A wide variety of resins and monomers have been investigated for the high energy ionizing radiation curing of adhesives and coatings. The systems of greatest interest are based on a variety of polymerizable prepolymers and monomers. Polyesters and acrylics are the most common, but urethanes, alkyds, epoxies and silicones have likewise been investigated, albeit to a lesser extent. Recently, a considerable research and development effort has been directed towards development of radiation curable acrylic polymer and/or monomer systems. Acrylic materials have been prepared, for example, by converting vinyl copolymers of various monomers and glycidyl methacrylate to radiation curable products by reacting the pendant oxirane group with acrylic acid. Acrylic derivatives have also been made based on modifying urethanes and epoxy resins, including, for example, reaction of appropriate polymeric moities with acrylyl chloride. The order of reactivity to high energy ionizing radiation as determined by prior art research proposes that multifunctional acrylates are more reactive than the corresponding methacrylates. However, none of the prior art adhesive or coating systems appear to be fully satisfactory for the preparation of such fiber flocked rubber and metal composite structures as those described herein.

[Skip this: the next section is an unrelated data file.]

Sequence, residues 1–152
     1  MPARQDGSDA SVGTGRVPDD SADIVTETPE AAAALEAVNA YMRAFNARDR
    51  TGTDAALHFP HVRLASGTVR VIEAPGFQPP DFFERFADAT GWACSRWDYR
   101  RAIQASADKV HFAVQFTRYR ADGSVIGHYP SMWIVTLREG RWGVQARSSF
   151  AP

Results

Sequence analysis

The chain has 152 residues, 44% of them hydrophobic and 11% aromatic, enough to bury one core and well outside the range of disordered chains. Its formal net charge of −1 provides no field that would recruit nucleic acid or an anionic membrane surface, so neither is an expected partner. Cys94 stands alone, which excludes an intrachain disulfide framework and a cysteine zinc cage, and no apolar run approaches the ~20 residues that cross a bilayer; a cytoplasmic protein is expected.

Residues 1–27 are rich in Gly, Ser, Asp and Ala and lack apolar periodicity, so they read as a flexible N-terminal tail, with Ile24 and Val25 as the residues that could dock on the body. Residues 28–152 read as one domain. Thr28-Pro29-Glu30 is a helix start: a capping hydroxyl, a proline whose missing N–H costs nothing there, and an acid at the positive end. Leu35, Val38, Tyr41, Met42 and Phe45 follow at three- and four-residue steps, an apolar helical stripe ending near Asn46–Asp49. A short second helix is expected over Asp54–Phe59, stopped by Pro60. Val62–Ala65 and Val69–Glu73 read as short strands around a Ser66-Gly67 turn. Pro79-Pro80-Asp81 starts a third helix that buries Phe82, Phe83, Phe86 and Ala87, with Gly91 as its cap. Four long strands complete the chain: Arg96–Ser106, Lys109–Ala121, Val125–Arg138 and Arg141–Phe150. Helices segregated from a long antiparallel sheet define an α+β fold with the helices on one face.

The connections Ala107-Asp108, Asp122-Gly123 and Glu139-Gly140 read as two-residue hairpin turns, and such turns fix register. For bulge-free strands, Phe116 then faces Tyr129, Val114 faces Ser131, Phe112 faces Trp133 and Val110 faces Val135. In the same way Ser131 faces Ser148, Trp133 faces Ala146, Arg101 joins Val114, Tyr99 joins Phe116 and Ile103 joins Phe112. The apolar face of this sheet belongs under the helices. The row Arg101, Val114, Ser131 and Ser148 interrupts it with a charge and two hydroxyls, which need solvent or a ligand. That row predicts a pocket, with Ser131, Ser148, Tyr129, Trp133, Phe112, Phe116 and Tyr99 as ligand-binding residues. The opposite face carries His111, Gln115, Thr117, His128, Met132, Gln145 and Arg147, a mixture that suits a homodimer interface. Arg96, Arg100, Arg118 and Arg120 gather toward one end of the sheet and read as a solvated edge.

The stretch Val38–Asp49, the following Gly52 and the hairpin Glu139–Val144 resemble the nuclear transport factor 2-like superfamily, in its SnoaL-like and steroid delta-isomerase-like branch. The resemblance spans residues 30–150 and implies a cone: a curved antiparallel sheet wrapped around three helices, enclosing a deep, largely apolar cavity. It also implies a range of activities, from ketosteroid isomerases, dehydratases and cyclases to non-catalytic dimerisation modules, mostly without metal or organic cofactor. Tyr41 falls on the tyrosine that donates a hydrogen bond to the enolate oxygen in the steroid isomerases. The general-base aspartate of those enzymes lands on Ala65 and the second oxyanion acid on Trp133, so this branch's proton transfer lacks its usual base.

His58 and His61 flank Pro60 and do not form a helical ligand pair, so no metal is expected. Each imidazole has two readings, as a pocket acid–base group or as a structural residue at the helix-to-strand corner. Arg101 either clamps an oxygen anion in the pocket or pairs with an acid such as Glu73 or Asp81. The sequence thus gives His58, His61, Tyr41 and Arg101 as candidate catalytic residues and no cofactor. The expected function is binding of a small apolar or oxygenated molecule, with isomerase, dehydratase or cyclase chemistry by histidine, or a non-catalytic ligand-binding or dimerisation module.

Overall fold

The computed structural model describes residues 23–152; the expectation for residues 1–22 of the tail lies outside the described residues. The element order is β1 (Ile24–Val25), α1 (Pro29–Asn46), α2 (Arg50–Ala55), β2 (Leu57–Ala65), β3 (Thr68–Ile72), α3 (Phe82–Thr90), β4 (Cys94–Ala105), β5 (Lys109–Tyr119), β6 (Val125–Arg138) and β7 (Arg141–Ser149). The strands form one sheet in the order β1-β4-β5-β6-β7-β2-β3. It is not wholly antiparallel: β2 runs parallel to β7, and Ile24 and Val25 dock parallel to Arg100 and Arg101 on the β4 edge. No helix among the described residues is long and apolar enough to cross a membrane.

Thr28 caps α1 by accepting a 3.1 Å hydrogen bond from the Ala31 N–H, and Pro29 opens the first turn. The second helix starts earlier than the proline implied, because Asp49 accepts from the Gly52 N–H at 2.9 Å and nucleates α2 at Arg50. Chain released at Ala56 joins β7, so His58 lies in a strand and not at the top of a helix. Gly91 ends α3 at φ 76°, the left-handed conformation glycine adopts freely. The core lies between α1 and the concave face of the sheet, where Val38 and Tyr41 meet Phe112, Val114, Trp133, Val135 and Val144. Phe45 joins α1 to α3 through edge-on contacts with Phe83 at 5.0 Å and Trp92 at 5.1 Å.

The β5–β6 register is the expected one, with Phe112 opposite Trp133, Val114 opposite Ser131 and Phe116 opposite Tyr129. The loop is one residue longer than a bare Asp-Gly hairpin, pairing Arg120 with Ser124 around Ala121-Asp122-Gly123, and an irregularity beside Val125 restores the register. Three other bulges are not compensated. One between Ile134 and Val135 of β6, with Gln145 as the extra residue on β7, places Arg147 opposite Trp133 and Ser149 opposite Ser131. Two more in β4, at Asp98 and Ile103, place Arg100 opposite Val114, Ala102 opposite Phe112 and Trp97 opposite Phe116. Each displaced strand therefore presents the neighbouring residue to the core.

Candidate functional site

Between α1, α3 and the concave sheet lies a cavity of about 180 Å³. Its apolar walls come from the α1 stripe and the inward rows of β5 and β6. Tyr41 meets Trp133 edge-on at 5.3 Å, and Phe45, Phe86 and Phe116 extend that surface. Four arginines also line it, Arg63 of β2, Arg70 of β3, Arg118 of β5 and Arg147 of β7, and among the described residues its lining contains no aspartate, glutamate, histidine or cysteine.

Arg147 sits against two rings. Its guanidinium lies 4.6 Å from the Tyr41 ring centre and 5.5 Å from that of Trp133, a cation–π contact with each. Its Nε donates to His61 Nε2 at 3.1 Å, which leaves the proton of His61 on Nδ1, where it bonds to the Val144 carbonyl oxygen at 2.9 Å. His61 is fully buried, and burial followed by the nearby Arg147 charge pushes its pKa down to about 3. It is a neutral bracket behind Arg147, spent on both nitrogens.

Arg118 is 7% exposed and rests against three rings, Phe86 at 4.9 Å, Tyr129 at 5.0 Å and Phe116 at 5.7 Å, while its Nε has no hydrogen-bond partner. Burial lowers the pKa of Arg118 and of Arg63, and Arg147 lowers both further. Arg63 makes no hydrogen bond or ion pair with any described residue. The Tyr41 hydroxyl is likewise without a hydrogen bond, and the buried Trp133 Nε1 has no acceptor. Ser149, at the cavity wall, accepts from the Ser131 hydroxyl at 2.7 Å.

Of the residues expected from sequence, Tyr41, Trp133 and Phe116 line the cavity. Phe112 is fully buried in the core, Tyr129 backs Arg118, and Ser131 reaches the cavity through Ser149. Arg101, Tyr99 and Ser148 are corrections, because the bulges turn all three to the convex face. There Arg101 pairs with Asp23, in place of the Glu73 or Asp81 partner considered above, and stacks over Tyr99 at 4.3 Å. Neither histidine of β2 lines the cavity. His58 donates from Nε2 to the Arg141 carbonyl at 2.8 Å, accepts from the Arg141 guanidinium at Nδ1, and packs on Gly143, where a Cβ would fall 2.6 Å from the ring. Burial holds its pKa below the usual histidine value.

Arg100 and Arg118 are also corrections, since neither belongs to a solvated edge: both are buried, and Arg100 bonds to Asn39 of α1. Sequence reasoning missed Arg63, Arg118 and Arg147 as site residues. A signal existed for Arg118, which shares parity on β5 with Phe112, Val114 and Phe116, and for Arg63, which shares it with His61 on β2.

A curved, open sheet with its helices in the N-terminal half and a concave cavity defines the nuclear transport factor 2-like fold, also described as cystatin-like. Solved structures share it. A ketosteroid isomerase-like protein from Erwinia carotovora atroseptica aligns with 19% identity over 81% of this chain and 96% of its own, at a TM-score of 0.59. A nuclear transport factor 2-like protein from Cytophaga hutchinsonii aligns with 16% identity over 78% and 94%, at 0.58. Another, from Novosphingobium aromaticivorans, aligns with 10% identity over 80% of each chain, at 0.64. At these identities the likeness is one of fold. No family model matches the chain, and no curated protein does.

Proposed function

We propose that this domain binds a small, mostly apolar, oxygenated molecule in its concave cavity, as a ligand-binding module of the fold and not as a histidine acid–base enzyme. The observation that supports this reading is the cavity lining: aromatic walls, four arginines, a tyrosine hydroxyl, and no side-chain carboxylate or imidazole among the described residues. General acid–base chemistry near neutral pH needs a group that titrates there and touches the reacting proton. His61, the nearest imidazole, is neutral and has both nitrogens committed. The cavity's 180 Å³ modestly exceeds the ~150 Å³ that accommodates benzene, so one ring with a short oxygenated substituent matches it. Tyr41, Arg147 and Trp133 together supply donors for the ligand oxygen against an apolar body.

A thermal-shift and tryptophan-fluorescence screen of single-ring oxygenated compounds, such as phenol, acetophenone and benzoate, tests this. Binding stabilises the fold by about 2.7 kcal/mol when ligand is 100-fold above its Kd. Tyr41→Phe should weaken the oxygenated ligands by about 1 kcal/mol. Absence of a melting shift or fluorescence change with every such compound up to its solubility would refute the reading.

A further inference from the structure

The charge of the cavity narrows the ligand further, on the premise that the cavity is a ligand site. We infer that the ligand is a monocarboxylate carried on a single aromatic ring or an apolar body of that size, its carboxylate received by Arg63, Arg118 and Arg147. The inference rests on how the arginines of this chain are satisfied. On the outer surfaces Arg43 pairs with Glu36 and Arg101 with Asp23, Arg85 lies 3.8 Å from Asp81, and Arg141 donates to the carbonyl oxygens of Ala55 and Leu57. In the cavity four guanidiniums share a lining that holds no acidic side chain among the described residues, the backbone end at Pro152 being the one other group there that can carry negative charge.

To be most useful in radiation curing, adhesive compositions should have minimum dose sensitivity. In simple terms, dose sensitivity means that both the total dosage and the rate of applied dosage affect the cure rate. The desired non-dose sensitive adhesive systems will provide the same cure results if the same radiation dosage is applied as ten exposures of one unit each, one exposure of ten units, or twenty exposures of a half unit each because a non-dose sensitive system is affected by the total dosage only and is not affected by the size of individual doses administered.